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Bell Curve


You're in 9th grade, and your science teacher has high hopes for you—a Nobel Prize winner, a high-tech innovator. But as much as you love biology and chemistry and all that scientific jazz, you really, really love selling anything and everything. Raffle tickets, Girl Scout cookies—they make it, you sell it.


You're getting top grades in college, and you're toying with the idea of going to med school or grad school, but you still feel the seductive pull of the marketplace. You get a summer job at the local Big Pharma company, and you love it. Every potential sale is a challenge. You're closing deals right and left.


You're the rookie at a bigger, better Big Pharma company, but you've got the smallest territory of any pharma rep. You tell yourself this is how you will perfect your game. Ninety-hour weeks, snarling doctors, sometimes dubious drugs, and car trouble don't phase you. Soon, you've got the best sales numbers in the company. Too bad your spouse is complaining that you're really married to the job.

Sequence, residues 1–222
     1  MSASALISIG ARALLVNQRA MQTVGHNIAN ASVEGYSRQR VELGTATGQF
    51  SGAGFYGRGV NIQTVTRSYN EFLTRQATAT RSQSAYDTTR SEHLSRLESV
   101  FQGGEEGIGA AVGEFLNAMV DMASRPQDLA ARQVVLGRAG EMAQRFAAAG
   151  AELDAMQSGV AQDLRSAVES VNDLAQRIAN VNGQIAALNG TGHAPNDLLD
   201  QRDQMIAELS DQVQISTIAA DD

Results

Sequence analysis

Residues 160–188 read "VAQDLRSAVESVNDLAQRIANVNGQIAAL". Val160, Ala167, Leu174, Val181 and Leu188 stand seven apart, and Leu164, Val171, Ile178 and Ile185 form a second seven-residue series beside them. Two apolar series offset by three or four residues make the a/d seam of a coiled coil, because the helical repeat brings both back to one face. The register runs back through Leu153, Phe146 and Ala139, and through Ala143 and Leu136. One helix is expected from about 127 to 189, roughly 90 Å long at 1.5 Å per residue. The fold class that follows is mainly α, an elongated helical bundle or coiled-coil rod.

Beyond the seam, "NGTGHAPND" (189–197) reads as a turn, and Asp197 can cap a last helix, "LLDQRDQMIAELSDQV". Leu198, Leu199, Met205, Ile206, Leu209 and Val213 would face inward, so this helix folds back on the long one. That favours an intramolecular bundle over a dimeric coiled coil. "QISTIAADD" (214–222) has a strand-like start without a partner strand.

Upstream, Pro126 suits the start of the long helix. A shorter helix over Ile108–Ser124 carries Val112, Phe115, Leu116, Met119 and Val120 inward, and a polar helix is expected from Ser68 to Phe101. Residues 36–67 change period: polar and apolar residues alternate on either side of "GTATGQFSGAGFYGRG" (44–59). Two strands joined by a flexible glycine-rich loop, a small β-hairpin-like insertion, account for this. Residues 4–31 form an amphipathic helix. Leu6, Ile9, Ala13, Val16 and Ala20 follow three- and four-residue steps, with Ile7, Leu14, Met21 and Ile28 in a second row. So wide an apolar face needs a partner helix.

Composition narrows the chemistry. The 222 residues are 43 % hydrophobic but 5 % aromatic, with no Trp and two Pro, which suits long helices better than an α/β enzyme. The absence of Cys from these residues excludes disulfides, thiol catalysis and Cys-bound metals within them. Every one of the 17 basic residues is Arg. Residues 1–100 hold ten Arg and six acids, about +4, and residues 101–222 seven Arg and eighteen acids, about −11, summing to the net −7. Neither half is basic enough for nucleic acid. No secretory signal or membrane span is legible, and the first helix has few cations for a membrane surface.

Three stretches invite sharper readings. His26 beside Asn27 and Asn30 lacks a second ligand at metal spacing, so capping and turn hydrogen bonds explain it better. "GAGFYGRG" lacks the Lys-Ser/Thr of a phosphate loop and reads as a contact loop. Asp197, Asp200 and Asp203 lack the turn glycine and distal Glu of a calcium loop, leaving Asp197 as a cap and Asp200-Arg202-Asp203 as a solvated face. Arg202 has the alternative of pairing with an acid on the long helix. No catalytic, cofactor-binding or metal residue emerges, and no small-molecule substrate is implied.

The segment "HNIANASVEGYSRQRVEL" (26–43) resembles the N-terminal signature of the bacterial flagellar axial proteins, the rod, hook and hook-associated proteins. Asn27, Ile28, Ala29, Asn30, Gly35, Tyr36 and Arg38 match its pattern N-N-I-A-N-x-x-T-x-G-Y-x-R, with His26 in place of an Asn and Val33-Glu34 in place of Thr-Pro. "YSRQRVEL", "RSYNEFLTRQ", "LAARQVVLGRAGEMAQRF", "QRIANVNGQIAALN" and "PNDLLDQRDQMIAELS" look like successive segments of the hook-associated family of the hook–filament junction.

One of the biggest-selling drugs in the company has been tampered with, and the adulterated drug has killed several people. After a successful PR effort, your company has picked you as the rep to woo back disgruntled customers. Mission accomplished, and you are showered with trophies, testimonials, honor, glory, and a mountain of money. Life is good, even if your marriage isn't.


You are the big kahuna, in charge of all the pharma sales reps at the biggest, baddest Pharma company on the face of the pharmaceutical Earth. New house, new marriage, new investments—things would be perfect but gosh, you still have that itch to get out of the office, hit the road, and make the sale.